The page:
Even though we also saw a Blue Ringed Octopus, 2 Ambon Scorpionfishes, a Flamboyant Cuttlefish, Hairy Shrimps and other cool Critters on this dive at, the little Wrasse hiding in the Nudibranch was still my personal favourite of this Dive.
We were 6 Divers and had Johan, Stenley and Marnez as Guides with us.
Last night I was feeling a little bored and felt that I needed to relieve some urges from deep in my soul. The only cure to that was to go and watch some sex!
Before you all start thinking im losing my mind, I am, of course, talking about Mandarinfish (Synchiropus splendidus). These beautiful little fish are nymphomaniacs, and get it on every-night. They are one of the most frustrating things to photograph and i havent tried to take pictures of Mandarinfish for about 4 years, so i thought it was about time for some stress!
I headed out with Johan and his two guests (Alex and Barbara). I took my own guide, Marnes, so that Alex and Barbara didn’t have to hear my foul language when i missed the shots that i wanted :).
In the end it was quite a nice dive with some success. Only one other boat arrived and they graciously put their guests a little further down the patch from us and i think everyone had a good time 🙂 By the time the other boat left we were just finding some frogfish, Bobtail Squid and cool nudis mating. For more details on the Mandarinfish dive i did a creature feature post on the NAD site. For those of you too lazy to click there, here are some photos below, but there are more on the website:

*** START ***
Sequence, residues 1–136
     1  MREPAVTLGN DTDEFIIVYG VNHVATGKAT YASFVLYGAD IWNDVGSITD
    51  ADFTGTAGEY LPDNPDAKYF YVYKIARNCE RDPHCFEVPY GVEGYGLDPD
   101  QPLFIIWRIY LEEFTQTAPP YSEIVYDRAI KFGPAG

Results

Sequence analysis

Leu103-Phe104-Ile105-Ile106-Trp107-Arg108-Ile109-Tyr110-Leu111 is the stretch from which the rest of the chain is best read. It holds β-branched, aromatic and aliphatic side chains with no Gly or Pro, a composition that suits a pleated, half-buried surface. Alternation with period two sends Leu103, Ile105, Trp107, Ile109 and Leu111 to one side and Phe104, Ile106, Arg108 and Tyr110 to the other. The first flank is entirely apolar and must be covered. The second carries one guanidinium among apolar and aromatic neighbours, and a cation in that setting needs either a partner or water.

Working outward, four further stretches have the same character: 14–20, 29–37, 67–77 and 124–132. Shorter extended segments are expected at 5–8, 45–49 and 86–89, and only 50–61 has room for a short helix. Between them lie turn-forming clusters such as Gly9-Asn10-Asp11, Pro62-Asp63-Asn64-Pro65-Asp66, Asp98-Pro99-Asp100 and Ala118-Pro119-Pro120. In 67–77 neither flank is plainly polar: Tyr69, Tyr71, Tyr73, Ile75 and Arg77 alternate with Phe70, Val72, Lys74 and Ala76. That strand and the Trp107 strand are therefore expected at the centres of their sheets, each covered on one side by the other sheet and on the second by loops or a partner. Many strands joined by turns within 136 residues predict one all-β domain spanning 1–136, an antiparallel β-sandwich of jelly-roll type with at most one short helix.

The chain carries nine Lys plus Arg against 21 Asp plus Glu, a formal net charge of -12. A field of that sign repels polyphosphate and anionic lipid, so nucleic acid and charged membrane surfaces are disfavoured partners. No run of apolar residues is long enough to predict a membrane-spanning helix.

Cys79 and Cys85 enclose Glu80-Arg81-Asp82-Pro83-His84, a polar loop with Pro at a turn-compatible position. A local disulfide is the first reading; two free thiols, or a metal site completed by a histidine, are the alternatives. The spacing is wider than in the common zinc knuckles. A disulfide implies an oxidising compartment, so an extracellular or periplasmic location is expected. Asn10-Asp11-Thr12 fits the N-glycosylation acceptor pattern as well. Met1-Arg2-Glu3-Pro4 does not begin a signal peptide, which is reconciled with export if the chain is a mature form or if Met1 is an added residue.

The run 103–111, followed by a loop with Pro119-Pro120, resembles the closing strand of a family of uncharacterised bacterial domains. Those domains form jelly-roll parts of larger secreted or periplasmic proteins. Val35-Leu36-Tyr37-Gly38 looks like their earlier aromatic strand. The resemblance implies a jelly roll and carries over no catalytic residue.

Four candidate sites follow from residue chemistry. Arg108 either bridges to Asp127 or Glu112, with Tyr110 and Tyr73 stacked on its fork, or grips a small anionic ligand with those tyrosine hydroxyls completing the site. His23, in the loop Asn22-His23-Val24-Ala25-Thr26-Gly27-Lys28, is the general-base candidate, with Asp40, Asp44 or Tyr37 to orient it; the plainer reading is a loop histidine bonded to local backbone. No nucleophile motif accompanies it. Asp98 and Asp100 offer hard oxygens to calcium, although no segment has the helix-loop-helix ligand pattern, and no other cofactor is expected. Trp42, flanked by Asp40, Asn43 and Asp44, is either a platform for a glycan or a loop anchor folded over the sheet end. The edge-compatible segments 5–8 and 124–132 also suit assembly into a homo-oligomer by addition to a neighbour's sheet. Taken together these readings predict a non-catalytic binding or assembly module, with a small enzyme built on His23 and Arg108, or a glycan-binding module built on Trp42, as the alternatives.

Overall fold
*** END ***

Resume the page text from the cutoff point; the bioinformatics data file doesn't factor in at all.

The other day at TK I found (well of course i didn’t, the guides did!) a pair of Commensal Shrimp (Periclimenes imperator) sitting on the back of a Glossodoris nudibranch.
I also managed to get a few video clips of them feeding as well, these are some of my favourite shrimp, just behind the coleman shrimp… which i’ll go looking for in a few days:
We’ve got lots of Critters around the Lembeh strait at the moment, but Blue Rings are still present in good numbers, and to be honest they are one of my favourites. I went on and afternoon and night dive to try a new camera, and he also came back with some video too. Here you go:
During the dive I saw a few other things as well, but as a good lesson to all you photographers out there, keep your gear organised and take care of it after your last use! There were a few technical difficulties with my strobes so not so many photos 😉
I was diving with Johan, who is back with us again after we found him working in a textile shop of all places (shouldn’t have left to another operator at the start of the year, silly boy!). Stenley is private guiding, as is Paulus. and then Joni, Indra, Abner and Marnes are also busy. We have a new guy Steven, more on him later.
On the night dive i was struggling with my new setup so stayed out of the way on the Sand (ie i was pretty much lost). Johan found some harlequins that Joni had found earlier in the day and also a Bumblebee shrimp which im pretty upset to miss!
Hopefully i’ll be in the water again soon, until then!